• • Emma Swain writes: Donated by new gallery patron Pat Corrigan, the exhibition features a collection of signed photographs of Hollywood stars including Mae West, Lauren Bacall, and Mickey Rooney. “This exhibition is a real who’s who of old movie stars, but it’s also very interesting,” the gallery’s deputy director Kim Blunt said. ...
• • Source: Article: "Famous take up temporary residence at gallery" written by Emma Swain for the Maitland Mercury; posted on 30 January 2012
• • By the Numbers • •
• • The Mae West Blog was started seven years ago in July 2004. You are reading the 2193rd blog post. Unlike many blogs, which draw upon reprinted content from a newspaper or a magazine and/ or summaries, links, or photos, the mainstay of this blog is its fresh material focused on the life and career of Mae West, herself an American original.
• • Come up and see Mae every day online: http://MaeWest.blogspot.com/
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Sunday, January 29, 2012

Mae West: January Decadence

One highlight of a fundraiser in the mid-Atlantic region will be a special appearance by MAE WEST and W.C. Fields.
• • Taking place today on January 29th, the event, which has a Roaring Twenties theme and music from the Charleston era, is called "An Evening of Decadent Desserts" — — and has been organized to raise cash for the 19th Annual Frederick Festival of Arts. Only 150 tickets will be sold.
• • WHEN: Sunday, 29 January 2012 — — from 5:00pm — 7:30pm
• • WHERE: Delaplaine Visual Arts Center, 40 S. Carroll St., Frederick, Maryland; Tel 301-662-4190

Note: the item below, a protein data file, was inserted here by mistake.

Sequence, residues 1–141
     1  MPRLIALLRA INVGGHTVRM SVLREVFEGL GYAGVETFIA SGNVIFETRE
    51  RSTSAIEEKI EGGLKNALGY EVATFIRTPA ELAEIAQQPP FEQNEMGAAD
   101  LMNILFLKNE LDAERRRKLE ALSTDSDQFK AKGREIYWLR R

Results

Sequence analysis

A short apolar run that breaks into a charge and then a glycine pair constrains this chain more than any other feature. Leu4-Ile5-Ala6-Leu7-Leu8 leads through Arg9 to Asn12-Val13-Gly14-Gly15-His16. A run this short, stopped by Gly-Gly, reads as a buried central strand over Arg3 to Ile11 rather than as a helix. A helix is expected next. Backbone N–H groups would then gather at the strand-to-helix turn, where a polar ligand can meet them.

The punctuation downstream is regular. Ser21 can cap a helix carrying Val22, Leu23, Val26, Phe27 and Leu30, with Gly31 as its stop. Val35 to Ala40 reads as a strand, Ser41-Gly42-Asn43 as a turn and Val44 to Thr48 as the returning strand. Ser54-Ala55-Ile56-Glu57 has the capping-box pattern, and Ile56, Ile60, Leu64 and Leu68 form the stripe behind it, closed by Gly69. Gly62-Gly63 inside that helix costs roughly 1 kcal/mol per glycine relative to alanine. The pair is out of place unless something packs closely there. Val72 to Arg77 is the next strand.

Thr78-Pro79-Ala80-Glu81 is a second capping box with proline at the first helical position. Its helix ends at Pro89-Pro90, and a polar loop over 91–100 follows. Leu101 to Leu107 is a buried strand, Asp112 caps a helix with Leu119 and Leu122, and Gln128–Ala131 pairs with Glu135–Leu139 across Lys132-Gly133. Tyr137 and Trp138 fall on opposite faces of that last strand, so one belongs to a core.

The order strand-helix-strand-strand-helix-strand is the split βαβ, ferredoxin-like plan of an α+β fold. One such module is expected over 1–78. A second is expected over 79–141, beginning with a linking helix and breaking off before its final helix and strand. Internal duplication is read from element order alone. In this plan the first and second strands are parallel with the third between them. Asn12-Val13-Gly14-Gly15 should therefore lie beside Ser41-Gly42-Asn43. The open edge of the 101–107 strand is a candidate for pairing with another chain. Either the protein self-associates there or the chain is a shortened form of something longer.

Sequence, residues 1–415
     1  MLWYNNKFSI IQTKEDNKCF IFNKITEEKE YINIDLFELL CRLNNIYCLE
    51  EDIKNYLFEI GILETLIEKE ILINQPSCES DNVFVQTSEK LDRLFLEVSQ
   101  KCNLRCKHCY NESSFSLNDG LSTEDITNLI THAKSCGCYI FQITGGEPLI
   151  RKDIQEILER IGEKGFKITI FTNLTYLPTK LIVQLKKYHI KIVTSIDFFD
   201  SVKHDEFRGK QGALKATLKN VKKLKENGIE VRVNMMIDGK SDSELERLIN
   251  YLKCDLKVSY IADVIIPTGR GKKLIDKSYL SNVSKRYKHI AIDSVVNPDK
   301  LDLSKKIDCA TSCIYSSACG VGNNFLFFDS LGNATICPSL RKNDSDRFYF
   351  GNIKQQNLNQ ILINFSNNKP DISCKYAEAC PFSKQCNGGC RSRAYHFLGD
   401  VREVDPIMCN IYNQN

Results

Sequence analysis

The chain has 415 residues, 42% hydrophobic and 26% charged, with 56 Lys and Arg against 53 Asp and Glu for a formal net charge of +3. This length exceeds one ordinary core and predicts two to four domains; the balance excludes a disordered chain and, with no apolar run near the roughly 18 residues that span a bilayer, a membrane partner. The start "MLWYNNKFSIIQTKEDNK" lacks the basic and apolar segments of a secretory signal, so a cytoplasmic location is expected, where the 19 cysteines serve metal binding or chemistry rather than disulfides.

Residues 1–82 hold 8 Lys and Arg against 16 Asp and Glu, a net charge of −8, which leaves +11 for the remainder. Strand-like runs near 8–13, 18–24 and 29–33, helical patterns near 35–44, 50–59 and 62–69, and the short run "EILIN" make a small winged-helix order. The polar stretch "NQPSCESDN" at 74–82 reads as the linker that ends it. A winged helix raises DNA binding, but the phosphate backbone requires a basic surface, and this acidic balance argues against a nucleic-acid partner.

• • Tell them you heard about it on The Mae West Blog.
• • Jimmy Durante [1893 — 1980] • •
• • During 1922, Mae West was writing a new stage act, material for herself and an accompanist, featuring fast-paced skits and songs. Faced with choosing a pianist, Mae had auditioned two unknowns, Brooklynite Jimmy Durante [10 February 1893 — 29 January 1980] and Harry Richman [10 August 1895 — 3 November 1972]. Mae selected Richman, a tall, handsome, dapper fellow. Stagebills soon offered her new show: “Bits of Musical Comedy — — Mae West assisted by Harry Richman.” After some good notices, Mae snagged a booking at the Palace.
• • Even though he missed his chance to appear with Mae, Jimmy’s career continued to blossom.
• • Unfortunately, a stroke in 1972 left Durante confined to a wheelchair. He died of pneumonia in Santa Monica, California in January — — on 29 January 1980. He was 86.
• • Happy Birthday on the 29th of January • •
• • Happy Birthday to actress Ann Jillian (born on 29 January 1950), who portrayed Mae West in the 1982 TV bio-pic of the same name. Jillian was 32 when she starred in "Mae West" on the small screen.
• • Happy Birthday to actor Tom Selleck (born on 29 January 1945). It's been said by a few people that Mae West first noticed Tom Selleck in a Pepsi commercial. She was responsible for getting Selleck cast as The Stud in "Myra Breckenridge" [1970] when he was 25 years old.
• • On Monday, 29 January 1917 in Brooklyn • •
• • Mae West was a witness at her younger sister's wedding, which took place on a weekday, Monday, 29 January 1917 in Brooklyn City Hall, not far from the West family's Brooklyn residence.
• • January 1971 in Playboy Magazine • •
• • An interview with Mae West was featured in Playboy, Vol. 18, No. 1 — January 1971. Naturally, the Hollywood legend was invited to tell all about the men on her mattress. She did volunteer that the fellows who drink make the worst lovers.